|Publication number||US20040184717 A1|
|Application number||US 10/393,420|
|Publication date||Sep 23, 2004|
|Filing date||Mar 20, 2003|
|Priority date||Mar 20, 2003|
|Also published as||US7203398|
|Publication number||10393420, 393420, US 2004/0184717 A1, US 2004/184717 A1, US 20040184717 A1, US 20040184717A1, US 2004184717 A1, US 2004184717A1, US-A1-20040184717, US-A1-2004184717, US2004/0184717A1, US2004/184717A1, US20040184717 A1, US20040184717A1, US2004184717 A1, US2004184717A1|
|Inventors||Elisabeth Koontz, Donald Powell|
|Original Assignee||Texas Instruments Incorporated|
|Export Citation||BiBTeX, EndNote, RefMan|
|Patent Citations (46), Referenced by (11), Classifications (11), Legal Events (3)|
|External Links: USPTO, USPTO Assignment, Espacenet|
 Micromechanical devices are small structures typically fabricated on a semiconductor wafer using techniques such as optical lithography, metal sputtering, oxide deposition, and etching that have been developed for the fabrication of integrated circuits. Digital micromirror devices (DMDs), sometimes referred to as deformable mirror devices, are a type of micromechanical device. Digital micromirror devices can be used in a variety of applications such as optical display systems or optical switching systems.
 DMD arrays have many advantages when used in optical switching systems. Specifically, a DMD array has the ability to selectively reflect portions of a light beam that is directed onto its surface. This feature can be used to implement a variety of functions such as signal monitoring, or wavelength-based switching. U.S. Pat. No. 6,295,154 entitled “Optical Switching Apparatus,” which is hereby incorporated by reference, describes the use of DMD arrays for these kinds of optical switching applications. The present application describes the use of lenses, polarizers, mirrors, and other such components to interface a free-space-operating DMD array with a waveguide-based optical system. One example of a set of optical interface equipment employed in a DMD array is disclosed in U.S. Pat. No. 6,398,389 entitled “Solid State Light Source Augmentation for SLM Display Systems,” which is also hereby incorporated by reference.
 There are several difficulties that may be associated with the use of lenses, polarizers, mirrors and other such components in a free-space optical system. First, the optical components are often physically and manually aligned for optimal performance. Second, the operation of a free-space optical system employing such components can be affected by movement, vibration, or mechanical stress. Third, free-space optical systems may be relatively large in size compared to other types of optical systems. Fourth, given their relatively large size, free-space optical systems may be especially susceptible to thermal stresses; in particular, if one portion of the system is heated to a greater extent than the rest of the system, this can affect the alignment and performance of the entire system.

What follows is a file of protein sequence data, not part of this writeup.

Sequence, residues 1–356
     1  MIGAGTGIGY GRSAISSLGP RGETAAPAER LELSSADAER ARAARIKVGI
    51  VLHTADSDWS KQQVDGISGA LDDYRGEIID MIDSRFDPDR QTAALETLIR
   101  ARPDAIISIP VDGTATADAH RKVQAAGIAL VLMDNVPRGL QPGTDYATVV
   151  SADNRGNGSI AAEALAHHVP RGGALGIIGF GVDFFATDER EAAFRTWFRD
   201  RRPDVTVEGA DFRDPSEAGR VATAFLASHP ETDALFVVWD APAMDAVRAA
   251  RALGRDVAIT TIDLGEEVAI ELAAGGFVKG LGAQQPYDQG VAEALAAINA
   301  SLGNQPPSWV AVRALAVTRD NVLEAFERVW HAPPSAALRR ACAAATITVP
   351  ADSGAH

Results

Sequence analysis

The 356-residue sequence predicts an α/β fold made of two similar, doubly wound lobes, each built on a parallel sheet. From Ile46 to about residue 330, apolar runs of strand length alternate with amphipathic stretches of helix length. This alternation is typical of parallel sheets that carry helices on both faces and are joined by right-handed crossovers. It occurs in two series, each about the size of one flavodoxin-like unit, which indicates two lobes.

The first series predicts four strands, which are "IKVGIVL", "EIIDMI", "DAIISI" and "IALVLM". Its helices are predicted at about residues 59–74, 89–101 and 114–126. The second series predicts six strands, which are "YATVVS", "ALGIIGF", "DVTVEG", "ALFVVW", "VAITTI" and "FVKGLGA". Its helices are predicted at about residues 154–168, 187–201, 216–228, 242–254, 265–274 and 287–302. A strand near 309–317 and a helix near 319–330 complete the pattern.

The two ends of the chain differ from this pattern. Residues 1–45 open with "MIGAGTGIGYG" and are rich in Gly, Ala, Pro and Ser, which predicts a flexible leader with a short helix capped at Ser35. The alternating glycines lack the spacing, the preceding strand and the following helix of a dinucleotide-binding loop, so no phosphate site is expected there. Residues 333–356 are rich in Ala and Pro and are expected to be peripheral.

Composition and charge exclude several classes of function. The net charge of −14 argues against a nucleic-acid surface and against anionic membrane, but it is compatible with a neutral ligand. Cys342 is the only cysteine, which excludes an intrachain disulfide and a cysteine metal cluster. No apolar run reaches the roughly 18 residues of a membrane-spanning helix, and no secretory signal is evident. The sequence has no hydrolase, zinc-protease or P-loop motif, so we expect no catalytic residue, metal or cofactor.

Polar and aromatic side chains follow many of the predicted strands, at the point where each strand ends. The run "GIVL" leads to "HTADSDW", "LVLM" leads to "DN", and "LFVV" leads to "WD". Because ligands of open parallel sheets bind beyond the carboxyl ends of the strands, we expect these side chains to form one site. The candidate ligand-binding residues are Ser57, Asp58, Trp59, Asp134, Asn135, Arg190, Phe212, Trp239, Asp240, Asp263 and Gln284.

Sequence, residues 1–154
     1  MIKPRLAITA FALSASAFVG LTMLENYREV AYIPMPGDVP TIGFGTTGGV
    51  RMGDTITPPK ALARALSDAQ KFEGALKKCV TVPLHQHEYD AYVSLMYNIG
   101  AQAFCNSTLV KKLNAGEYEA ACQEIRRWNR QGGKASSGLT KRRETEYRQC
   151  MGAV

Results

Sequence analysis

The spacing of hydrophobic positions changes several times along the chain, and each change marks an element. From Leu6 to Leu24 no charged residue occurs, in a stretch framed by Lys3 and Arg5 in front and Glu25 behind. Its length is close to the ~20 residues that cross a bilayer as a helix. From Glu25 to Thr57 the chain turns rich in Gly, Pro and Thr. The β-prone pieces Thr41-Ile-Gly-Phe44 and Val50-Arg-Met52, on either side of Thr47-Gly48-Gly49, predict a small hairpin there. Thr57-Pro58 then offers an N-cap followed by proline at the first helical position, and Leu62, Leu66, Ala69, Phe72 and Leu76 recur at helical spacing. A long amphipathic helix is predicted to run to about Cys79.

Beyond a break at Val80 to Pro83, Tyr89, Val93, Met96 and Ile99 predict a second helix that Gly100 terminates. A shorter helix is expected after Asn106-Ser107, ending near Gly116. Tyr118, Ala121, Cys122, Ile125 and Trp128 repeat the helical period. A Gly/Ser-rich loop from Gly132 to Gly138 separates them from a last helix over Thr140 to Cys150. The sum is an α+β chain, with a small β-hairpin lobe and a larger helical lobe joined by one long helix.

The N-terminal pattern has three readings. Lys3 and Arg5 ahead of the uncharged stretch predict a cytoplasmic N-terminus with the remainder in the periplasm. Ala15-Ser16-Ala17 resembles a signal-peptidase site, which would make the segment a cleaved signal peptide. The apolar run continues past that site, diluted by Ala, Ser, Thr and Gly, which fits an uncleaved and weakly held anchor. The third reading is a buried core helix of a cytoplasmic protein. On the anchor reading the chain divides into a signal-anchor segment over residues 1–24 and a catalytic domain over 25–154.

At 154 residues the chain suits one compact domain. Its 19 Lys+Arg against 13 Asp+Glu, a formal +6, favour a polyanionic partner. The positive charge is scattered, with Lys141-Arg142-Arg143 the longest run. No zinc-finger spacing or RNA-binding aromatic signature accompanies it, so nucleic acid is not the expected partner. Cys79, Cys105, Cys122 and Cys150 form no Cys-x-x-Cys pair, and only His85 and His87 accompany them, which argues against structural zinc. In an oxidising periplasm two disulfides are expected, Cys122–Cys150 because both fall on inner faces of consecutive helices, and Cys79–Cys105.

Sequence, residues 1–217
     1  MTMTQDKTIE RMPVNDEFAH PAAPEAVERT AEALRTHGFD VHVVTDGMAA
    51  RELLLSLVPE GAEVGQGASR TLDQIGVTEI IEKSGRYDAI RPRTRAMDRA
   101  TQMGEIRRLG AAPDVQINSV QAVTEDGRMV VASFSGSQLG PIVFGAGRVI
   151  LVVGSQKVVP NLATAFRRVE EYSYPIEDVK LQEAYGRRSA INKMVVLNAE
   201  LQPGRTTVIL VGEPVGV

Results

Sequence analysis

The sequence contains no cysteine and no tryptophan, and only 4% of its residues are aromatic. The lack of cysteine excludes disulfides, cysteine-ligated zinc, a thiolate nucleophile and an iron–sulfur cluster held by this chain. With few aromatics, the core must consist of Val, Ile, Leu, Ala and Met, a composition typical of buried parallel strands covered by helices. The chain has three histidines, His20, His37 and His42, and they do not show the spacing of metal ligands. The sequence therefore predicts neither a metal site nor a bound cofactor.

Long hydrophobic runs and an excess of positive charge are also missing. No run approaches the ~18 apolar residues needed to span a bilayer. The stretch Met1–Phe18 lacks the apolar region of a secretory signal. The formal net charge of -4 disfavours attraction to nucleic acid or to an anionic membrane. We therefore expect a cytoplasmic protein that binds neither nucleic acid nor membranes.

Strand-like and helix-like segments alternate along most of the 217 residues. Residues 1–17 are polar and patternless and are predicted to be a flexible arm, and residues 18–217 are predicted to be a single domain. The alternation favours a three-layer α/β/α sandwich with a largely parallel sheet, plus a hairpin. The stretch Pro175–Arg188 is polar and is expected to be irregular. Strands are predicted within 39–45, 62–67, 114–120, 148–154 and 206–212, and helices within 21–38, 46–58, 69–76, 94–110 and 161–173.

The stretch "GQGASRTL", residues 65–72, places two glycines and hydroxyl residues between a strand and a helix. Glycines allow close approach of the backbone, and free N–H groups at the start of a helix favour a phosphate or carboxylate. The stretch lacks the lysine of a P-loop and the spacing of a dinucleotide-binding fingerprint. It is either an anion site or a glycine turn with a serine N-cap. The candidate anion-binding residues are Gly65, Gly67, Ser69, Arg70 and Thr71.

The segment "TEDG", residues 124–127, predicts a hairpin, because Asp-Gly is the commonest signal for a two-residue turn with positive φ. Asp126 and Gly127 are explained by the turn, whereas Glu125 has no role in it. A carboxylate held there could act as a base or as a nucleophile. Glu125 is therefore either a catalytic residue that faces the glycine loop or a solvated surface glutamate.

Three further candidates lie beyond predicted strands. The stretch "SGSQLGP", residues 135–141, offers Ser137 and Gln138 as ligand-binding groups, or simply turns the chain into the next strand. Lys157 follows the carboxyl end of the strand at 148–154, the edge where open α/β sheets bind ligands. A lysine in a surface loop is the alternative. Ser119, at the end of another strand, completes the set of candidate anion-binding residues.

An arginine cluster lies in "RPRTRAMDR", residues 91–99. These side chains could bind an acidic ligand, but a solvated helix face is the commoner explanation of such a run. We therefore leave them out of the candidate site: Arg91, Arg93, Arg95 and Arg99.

Disclosed herein is an improved optical interface system for a DMD array. The embodiments described herein provide for an improved optical interface system that is less sensitive to movement, vibration or mechanical stresses. The described embodiments further provide an optical interface system that occupies less space than conventional free-space optical interface systems. Also described herein is an optical interface system that can add optical functionality such as wavelength demultiplexing in close proximity to a DMD array in a compact footprint as a replacement to discrete free-space optical components. The above features are described in certain embodiments as incorporating all of the components of an optical interface system into a single, integral component.
 One embodiment of the disclosed invention comprises an optical beam module that has an integral optical waveguide with waveguide ports at each end. The optical beam module also comprises a reflecting surface that is adapted to reflect light emitted from one of the waveguide ports. At one end, the optical waveguide receives an input light beam through a first waveguide port. The input light beam passes through the waveguide and is emitted from the second waveguide port, where it is reflected by the reflective surface. The reflective surface can be integral to the optical beam module, or it can be mounted onto the module. After being reflected by the reflective surface, the input light beam is directed onto the surface of a DMD array, where some or all of the input light beam can be selectively reflected in a particular direction. The reflective surface may also comprise a diffractive grating, which reflects the various wavelengths of the input light beam at varying angles, thereby enabling wavelength selective switching. In addition, the reflective surface may comprise a generally concave surface that converts a diverging input light beam into a generally collimated light beam, thereby facilitating more accurate selection and switching by the DMD array. According to one embodiment, the optical beam module has a small profile and may be directly attached to a DMD array. Other embodiments are contemplated, however, in which a DMD array is mounted to the optical beam module at a predetermined distance and angle.